While being interviewed on CNBC on March 7, 2014, Alan Greenspan spoke a bit on the problem of irrational exuberance in a market. Pointing to the failure of the Federal Reserve under his chairmanship to innocuously dissolve the “dot.com” bubble in the 1990s, Greenspan said he had come to the conclusion that asset-appreciation bubbles cannot be “defused” (for reasons he says are in his new book) “unless you break the back of the actual euphoria that generates the bubbles.” Alas, piercing that wave would involve nothing short of unplugging a basic instinct in human nature; both monetary and fiscal policy would doubtless come up short. However, I suspect that the field of rhetoric may have something to say about how we can deflate societal exuberance, but only on the condition that greater clarity will have been achieved in identifying whether a given market is overvalued due to emotional excess (i.e.g, emotive greed having reached a critical mass) circumventing normal risk-aversion.
Greenspan’s prescription may have more to do with social psychology than economic theory. Even though the former central banker’s expertise or ken does not extend to psychology or sociology, the advice darts right to the central question to be researched. I am not suggesting that the claim be swallowed whole; back in 2008 after Lehman Brothers’s financial collapse and the subsequent portent of a tsunami so powerful it could take the entire global financial system “by Monday,” Greenspan admitted in Congressional testimony that his mental model of financial economics suffers a fatal flaw he had had not seen coming.
Having held a free market, or laissez faire (let it make or do), theory firmly ensconced in his head, Greenspan suddenly realized that the market mechanism may not “price additional risk” once the market volatility reaches a certain point. Instead of asset-prices plummeting until enough buyers return to the market after having been spooked, the financial markets themselves freeze up. This is why Greenspan’s successor, Ben Bernanke, told Congressional leaders in September 2008 that without a bailout “we might not have an economy by next Monday.”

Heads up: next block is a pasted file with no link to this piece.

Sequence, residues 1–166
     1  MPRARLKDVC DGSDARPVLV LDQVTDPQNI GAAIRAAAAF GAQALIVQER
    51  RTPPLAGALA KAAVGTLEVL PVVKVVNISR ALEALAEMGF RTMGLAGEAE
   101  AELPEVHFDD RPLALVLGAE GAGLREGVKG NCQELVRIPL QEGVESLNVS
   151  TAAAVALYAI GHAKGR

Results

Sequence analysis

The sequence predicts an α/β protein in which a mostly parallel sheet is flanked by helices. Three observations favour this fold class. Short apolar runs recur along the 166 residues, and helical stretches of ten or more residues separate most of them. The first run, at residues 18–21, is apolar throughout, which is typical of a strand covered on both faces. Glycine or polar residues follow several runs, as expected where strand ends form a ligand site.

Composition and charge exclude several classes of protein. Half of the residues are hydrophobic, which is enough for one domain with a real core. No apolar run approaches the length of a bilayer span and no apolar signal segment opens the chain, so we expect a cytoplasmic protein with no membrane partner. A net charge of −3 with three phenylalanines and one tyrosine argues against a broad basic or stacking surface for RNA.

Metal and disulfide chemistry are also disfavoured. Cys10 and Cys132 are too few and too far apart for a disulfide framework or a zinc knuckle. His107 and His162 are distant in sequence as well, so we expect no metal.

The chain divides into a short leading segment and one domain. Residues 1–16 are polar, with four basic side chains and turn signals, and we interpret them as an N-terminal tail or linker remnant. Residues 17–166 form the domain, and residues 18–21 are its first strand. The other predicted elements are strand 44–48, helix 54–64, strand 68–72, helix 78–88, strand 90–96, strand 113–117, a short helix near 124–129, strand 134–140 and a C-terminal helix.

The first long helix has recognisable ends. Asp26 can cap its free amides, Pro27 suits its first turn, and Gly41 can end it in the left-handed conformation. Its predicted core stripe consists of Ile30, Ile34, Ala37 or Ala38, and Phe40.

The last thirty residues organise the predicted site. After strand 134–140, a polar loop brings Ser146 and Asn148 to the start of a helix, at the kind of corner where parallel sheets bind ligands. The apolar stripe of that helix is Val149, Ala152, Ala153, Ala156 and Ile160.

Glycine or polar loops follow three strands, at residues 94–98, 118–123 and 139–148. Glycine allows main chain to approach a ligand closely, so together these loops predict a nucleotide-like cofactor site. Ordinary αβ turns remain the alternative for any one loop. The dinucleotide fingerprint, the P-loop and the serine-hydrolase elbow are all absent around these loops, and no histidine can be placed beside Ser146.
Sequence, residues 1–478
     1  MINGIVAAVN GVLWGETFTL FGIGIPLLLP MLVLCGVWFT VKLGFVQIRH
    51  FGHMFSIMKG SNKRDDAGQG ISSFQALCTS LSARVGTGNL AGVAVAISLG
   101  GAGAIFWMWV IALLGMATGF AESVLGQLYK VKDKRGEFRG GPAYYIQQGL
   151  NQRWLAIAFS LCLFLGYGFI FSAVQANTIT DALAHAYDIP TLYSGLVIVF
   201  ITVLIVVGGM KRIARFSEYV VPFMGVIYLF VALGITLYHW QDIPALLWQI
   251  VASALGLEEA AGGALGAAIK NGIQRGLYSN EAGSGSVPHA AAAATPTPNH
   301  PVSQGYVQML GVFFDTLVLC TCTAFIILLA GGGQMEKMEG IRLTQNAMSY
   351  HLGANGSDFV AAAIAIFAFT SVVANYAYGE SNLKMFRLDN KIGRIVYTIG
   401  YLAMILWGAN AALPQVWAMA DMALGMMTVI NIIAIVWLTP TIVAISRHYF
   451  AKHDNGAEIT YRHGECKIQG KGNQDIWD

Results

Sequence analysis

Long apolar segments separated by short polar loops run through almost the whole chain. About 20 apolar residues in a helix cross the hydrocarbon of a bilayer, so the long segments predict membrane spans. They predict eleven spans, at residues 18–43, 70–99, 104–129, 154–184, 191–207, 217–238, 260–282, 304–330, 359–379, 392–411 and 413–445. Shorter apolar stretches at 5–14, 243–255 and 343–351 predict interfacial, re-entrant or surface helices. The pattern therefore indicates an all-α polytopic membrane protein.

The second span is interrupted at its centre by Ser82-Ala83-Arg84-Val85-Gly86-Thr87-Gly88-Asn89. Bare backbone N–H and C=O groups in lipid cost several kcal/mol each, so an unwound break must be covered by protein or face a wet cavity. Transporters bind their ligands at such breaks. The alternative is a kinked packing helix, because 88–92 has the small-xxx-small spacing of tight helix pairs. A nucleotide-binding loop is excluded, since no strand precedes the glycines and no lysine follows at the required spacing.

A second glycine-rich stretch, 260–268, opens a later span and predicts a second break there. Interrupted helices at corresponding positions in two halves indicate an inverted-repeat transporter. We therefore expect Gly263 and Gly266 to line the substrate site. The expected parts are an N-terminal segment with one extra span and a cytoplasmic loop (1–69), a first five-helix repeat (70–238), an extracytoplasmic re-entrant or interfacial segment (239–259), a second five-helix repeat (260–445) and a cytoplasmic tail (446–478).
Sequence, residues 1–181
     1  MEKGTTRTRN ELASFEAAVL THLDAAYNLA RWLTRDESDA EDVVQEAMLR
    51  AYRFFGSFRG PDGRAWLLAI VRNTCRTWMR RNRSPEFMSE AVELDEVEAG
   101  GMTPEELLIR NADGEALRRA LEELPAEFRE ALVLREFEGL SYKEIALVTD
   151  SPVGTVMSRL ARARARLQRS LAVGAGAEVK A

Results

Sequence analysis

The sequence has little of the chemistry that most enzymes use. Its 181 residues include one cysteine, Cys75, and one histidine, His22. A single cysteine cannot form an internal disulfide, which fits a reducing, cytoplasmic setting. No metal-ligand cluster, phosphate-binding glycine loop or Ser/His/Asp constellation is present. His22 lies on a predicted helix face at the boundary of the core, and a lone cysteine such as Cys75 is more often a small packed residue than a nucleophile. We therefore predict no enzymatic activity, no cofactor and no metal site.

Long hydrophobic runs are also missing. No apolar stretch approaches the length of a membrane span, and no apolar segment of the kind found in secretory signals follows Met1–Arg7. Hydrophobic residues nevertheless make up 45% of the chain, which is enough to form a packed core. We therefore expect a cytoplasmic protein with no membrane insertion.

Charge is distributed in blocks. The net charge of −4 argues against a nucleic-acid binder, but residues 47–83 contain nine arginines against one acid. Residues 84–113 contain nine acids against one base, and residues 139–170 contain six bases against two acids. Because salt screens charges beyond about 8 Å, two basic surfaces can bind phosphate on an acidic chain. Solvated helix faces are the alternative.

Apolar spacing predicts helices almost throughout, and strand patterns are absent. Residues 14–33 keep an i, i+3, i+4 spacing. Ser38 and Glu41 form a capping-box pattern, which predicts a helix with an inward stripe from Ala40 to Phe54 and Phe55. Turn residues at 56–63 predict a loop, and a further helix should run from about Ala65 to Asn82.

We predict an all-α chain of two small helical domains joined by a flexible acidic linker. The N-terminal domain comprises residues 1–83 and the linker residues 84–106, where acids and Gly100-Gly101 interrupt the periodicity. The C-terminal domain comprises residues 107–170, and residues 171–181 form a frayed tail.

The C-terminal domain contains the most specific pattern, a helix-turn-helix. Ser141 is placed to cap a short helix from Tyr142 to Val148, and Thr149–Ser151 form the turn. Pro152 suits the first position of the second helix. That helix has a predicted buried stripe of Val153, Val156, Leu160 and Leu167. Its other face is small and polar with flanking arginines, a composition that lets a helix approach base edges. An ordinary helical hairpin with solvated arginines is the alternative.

In other words, Greenspan’s paradigm or theory, which had insisted that markets can always self-correct could not account for the credit-freeze that began in the commercial paper market (over-night inter-bank loans). High volatility in a system combines with the high risk (from anticipations of system risk being actualized) shuts down the market mechanism itself. When he ran the Federal Reserve, Greenspan had been very wrong about the impact of the systemic risk on the ability of markets to keep operating.
As if Greenspan's admission had been part of some nightmare or some figment of the imagination, Andy Sorkin, a financial markets host at CNBC, welcomed Greenspan on the air five years later with such vaunted praise that viewers could be forgiven for not having remembered that Sorkin had pointed to Greenspan’s fatal flaw as one factor among several in the near collapse of the housing market in the wake of Lehman's bankruptcy. Surely Sorkin was hardly oblivious to the ex-central-banker's grave error. Why then did the journalist act as if Greenspan were one of the priests at the Greek oracle?
Even after admitting the fatal flaw he had held at the Fed, Alan Greenspan still enjoyed considerable respect. (Image Source: The Guardian)
The short answer may be that Sorkin did not want to lose any of the rich and powerful friends on Wall Street he had interviewed in 2008 for his book. For a person to admit the existence of a fatal flaw in his or her ideology and therefore in any supporting theoretical models as well, and then be treated as though infallible on another body of knowledge (i.e., international relations) stretches the mind's capacity for holding a logical contraction (i.e., cognitive dissidence). Rather than being limited to Sorkin, I suspect that the refusal or inability to put a person's present statements in the context of his or her past track-record is by now "hard-wired" into American society. The over-valuing of the new at the expense of the past probably enables the denial.
Regarding Sorkin, his fawning before his notable interviewee, including exclaiming "wow" as Greenspan went on bragging at the beginning of the interview, strikes me as blatant enough to be misleading. Especially in having written a non-fiction book about the financial crisis of 2008, Sorkin should have prepped the television viewers up front, so they would not find themselves back to swallowing wholesale what Greenspan says as the Gospel truth. In fact, Sorkin may have inadvertently opened the door to another systemic bubble hitting us as a complete surprise.